Dental implant therapy often requires bone augmentation to facilitate stable implantation with a predictable outcome. Traditionally, this is accomplished through guided bone regeneration (GBR), which is a series of surgical procedures that use barrier membrane technology to direct the growth of new hard and soft tissues in sites with insufficient volumes for the purpose of placing dental implants. GBR and implant placement can be performed in either one or two surgeries. This article will focus on a novel simultaneous approach that utilizes a custom milled cancellous allograft bone ring that is stabilized through the graft preparation and apical threads of the dental implant. Indications include simultaneous implant placement in a deficient sinus as well as horizontal and vertical four-, three-, two-, and one-wall defects.
DOI: 10.11607/prd.4467, PubMed ID (PMID): 32233188Pages 355-363b, Language: English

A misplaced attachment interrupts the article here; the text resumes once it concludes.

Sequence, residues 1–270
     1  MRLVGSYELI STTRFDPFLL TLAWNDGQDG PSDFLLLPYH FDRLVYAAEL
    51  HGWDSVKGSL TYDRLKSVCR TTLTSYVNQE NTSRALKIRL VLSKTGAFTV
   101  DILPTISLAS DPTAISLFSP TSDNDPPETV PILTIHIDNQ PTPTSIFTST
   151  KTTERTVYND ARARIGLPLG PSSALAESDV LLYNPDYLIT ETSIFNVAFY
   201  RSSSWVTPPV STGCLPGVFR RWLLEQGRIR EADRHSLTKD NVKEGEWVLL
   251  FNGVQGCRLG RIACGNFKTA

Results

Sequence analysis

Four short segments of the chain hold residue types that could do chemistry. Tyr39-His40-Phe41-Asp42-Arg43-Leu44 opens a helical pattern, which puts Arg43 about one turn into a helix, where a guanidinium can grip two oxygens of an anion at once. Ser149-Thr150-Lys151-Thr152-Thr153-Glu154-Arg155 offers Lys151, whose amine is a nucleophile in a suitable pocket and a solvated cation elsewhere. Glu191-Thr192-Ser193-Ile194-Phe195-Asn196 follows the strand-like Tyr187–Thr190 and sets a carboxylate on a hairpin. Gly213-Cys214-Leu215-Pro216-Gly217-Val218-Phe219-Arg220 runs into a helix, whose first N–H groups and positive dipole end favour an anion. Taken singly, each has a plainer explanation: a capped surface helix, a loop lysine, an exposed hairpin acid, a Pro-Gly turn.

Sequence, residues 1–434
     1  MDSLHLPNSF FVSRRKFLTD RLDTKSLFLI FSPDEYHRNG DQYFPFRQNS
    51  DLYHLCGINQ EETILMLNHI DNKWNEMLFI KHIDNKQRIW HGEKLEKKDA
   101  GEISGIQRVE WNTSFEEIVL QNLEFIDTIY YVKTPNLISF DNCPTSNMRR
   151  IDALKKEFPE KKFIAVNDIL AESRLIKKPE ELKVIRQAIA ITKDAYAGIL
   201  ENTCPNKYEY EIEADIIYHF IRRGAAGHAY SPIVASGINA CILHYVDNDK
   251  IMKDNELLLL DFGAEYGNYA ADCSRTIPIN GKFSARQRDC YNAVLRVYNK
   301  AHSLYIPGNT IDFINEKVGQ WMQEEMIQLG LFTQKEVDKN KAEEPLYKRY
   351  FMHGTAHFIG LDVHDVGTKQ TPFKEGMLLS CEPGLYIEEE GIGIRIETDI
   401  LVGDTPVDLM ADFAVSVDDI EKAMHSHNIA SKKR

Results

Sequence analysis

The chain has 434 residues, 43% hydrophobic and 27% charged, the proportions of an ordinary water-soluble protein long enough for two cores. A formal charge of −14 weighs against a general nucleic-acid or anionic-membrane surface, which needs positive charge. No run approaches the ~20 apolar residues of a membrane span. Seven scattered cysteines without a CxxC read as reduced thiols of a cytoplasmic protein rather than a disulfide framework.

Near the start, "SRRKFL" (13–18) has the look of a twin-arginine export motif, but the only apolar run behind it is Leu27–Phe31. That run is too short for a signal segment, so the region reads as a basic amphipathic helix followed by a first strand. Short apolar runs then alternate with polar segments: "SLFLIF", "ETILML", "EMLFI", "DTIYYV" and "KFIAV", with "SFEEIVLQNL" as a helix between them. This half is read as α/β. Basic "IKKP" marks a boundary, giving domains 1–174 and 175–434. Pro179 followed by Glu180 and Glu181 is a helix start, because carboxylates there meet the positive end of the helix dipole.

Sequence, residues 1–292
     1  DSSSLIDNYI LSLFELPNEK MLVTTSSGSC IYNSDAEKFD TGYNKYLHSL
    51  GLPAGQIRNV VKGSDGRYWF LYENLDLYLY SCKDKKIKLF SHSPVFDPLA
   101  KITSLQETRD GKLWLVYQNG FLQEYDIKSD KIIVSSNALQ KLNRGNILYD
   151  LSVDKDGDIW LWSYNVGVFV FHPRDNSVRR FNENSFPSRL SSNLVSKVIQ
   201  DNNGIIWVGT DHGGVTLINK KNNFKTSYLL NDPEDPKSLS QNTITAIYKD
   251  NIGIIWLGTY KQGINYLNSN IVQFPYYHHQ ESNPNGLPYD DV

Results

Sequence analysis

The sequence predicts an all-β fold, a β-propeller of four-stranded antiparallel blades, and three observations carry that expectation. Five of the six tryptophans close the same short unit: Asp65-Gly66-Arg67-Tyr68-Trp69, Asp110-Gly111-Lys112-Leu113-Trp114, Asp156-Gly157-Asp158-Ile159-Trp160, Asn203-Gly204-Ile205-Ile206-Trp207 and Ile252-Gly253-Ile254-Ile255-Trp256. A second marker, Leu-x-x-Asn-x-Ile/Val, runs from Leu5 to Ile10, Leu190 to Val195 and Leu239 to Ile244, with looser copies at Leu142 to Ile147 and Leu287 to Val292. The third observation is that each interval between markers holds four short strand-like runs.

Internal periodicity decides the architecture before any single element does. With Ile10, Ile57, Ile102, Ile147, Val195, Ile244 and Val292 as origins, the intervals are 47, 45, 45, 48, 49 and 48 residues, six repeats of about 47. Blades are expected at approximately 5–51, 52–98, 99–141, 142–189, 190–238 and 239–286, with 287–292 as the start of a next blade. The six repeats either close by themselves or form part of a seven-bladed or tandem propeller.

Extraction and immediate implant placement/restoration in the esthetic zone is clinically challenging; benefits include fewer surgical appointments and maintenance of peri-implant soft tissues throughout the treatment period, and limitations include gingival recession and bone dehiscence during surgery. Macrohybrid implants (large-diameter apical/narrow-diameter occlusal) were placed in 19 patients immediately following the extraction of hopeless maxillary anterior teeth. Immediate restorations were fabricated without occlusal contacts. Pre- and postplacement cone beam computed tomography (CBCT) scans were taken. Nineteen implants were available for recall 13 to 25 months postoperatively. The overall implant cumulative survival rate was 100% (range: 13 to 25 months, mean: 19 months), and mean insertion torque value was 65 Ncm. Mean Pink Esthetic Score was 12.63 at 6 months, and was 13 at the 18- to 24-month follow-up. Mean mesial and distal tooth-to-implant distances immediately after implant placement were 2.55 ± 1.29 mm and 2.29 ± 0.82 mm, respectively. Interproximal bone crest width, distance, and height were maintained at implant platforms, mesially and distally, 18 to 24 months postoperative. The results of this study indicated that the macro-hybrid implant geometry for this immediate surgical/restorative protocol provided excellent and stable 2-year results relative to implant survival (100%), labial plate thickness via CBCT evaluations, tooth-to-implant distances immediately post-implant placement, PES, and interproximal bone crest width, distance, and heights, which were maintained at the implant platforms.